New water desalination approach could lead to portable units for disaster relief or remote locations
A single unit of the new desalination device - in the Y-shaped channel (in red), seawater enters from the right, and fresh water leaves through the lower channel at left, while concentrated brine leaves through the upper channel (Image: Patrick Gillooly/MIT)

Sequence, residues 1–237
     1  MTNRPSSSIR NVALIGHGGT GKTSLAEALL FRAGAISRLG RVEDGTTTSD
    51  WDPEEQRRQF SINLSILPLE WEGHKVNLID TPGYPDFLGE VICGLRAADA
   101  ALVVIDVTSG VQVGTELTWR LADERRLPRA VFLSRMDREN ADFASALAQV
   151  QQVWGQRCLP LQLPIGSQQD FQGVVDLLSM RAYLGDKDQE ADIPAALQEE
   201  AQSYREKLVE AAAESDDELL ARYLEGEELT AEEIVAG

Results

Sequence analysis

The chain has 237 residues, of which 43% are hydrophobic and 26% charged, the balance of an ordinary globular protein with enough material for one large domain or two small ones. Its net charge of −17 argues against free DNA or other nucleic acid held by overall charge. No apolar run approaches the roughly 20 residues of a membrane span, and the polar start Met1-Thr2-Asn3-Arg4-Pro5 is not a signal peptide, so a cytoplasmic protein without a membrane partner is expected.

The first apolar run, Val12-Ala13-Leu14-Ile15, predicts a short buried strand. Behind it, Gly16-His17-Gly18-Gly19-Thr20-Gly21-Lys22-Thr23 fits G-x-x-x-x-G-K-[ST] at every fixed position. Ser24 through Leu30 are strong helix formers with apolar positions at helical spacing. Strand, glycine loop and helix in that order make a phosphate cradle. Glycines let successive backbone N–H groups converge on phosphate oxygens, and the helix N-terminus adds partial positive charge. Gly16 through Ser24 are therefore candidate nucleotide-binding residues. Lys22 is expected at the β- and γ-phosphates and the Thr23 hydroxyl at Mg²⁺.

Following natural disasters such as the Haiti earthquake and Hurricane Katrina, potable water is often in high demand and short supply. In both of those instances, the disaster zones were near the sea, but converting salty seawater to potable fresh water usually requires a large amount of dependable electrical power and large-scale desalination plants - neither of which were available in the disaster areas. A new approach to desalination, called ion concentration polarization, could lead to small, portable desalination units that could be powered by solar cells or batteries and could deliver enough fresh water to supply the needs of a family or small village.
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